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SLCU's newest Group Leader introduces himself

last modified Dec 07, 2017 02:09 PM

I have always held a deep fascination with the natural world and this was almost certainly fuelled by my early years living in Zambia and seeing first-hand the amazing African wildlife. My first experiences working with plants came when I joined the group of Brian Staskawicz at the University of California, Berkeley, to do a year-long undergraduate research placement.  It was an incredibly exciting time to be in Brian’s lab, I joined a project in which we cloned one of the first resistance genes, at a time when very few genes had ever been cloned from plants.  I was hooked, on plants, on genetics and on plant-microbe interactions. After my PhD, also with Brian, I wished to stay in plant-microbe interactions, but I wanted to change fields. I joined the group of Sharon Long at Stanford University and benefited immensely from the many years of hard work that had gone into making Medicago a model system in which we could dissect the processes that supported nitrogen-fixing symbioses.

I spent 15 years working at the John Innes Centre, attempting to understand how plants perceive symbiotic microorganisms present in the rhizosphere. Having contributed to a detailed understanding of symbiosis signalling, I now want to understand how this signalling process activates the developmental changes in the root leading to the formation of a nodule and intracellular bacterial infection.  In part, this shift in my research programme is driven by a fascination of how plant development is regulated by plant-microbe signalling, but it is also driven by the realisation that these developmental processes, rather than signalling, is what differentiates plants such as legumes that can associate with nitrogen-fixing bacteria from those plants, such as cereals, that cannot.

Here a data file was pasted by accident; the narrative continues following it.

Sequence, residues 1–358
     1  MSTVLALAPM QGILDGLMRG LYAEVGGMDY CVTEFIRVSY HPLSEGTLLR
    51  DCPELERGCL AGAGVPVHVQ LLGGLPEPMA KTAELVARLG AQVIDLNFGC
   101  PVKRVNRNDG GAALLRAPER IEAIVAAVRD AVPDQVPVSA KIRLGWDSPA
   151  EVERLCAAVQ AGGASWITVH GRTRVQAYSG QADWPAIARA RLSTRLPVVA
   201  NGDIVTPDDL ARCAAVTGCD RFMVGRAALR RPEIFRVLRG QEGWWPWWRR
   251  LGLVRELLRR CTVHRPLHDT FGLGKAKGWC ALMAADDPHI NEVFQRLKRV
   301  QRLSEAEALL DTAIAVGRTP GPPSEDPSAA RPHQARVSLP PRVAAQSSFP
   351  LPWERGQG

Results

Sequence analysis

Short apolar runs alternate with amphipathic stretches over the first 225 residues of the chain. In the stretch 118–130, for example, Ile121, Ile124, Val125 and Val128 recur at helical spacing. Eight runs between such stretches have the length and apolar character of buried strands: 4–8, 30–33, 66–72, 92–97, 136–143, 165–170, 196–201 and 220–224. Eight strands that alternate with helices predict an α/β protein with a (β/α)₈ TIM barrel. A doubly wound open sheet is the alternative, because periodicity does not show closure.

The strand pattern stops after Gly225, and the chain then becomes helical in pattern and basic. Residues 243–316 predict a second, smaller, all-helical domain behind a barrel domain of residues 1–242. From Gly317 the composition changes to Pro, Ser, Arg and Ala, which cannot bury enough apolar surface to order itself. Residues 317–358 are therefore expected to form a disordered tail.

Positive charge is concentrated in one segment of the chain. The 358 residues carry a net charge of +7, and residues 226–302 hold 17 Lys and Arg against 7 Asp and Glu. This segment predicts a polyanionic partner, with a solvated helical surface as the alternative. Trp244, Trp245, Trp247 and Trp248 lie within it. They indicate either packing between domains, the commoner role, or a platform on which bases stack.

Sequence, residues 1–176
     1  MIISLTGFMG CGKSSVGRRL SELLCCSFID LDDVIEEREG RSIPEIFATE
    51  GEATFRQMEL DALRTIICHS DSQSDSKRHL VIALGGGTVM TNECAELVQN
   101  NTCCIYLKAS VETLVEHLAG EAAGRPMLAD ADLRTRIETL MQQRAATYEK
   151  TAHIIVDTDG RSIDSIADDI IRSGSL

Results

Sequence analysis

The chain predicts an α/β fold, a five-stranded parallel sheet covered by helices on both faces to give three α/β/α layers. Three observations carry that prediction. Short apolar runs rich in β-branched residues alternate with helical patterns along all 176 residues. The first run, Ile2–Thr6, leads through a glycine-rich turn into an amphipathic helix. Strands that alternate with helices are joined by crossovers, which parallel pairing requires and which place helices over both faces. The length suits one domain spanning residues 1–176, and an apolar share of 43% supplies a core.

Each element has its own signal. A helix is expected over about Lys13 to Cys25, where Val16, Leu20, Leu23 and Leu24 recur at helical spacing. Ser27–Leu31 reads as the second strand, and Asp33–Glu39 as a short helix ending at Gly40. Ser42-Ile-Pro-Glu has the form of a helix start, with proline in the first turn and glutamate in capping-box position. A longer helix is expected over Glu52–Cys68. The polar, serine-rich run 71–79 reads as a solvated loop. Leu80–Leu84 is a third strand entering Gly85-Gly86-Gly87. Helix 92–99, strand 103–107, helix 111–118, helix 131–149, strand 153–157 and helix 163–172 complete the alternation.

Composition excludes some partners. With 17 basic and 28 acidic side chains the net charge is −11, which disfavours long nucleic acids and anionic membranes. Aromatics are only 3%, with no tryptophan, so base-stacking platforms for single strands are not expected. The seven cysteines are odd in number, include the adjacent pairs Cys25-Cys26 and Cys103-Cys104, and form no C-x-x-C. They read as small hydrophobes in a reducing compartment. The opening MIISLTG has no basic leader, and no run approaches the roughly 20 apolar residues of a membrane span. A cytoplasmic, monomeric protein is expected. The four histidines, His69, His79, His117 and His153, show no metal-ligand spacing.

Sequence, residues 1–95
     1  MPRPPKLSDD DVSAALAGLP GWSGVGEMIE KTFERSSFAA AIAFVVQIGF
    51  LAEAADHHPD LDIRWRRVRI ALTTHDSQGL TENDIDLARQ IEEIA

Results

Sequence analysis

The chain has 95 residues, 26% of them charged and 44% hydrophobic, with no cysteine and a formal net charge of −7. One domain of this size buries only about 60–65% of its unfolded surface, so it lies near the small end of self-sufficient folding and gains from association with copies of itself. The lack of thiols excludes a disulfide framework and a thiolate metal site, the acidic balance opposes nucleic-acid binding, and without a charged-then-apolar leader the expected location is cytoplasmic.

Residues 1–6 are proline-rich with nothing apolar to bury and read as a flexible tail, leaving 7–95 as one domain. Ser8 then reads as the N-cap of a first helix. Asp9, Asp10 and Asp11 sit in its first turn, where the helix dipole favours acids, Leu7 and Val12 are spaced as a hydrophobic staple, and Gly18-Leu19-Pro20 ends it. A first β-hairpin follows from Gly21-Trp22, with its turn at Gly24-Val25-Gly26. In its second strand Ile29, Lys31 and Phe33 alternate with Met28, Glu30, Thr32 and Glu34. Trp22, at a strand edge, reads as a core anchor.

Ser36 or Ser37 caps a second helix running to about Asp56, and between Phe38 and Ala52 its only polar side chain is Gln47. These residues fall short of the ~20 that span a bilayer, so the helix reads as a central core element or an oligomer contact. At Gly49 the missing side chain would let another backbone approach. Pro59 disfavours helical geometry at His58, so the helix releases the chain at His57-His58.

My research has always focused on developing a detailed understanding of symbiotic associations and is driven by a fascination of how these processes work.  However, in the last 5 years I have teamed up with the Bill and Melinda Gates Foundation on a programme of research to engineer nitrogen-fixing cereals.  There remains much to be discovered before we are likely to be able to transfer nitrogen fixation to cereals. However, I am very excited by the prospect that some day this research could address one of the greatest limitations to agricultural productivity and I am particularly motivated by the fact that the beneficiaries of my work could be some of the poorest people on the planet. I hope that the advances in our knowledge that we develop at SLCU could provide the foundations for creating more sustainable and equitable food production globally.

Further information on Giles Oldroyd can be found here.

 

 

Supported by the Gatsby Foundation

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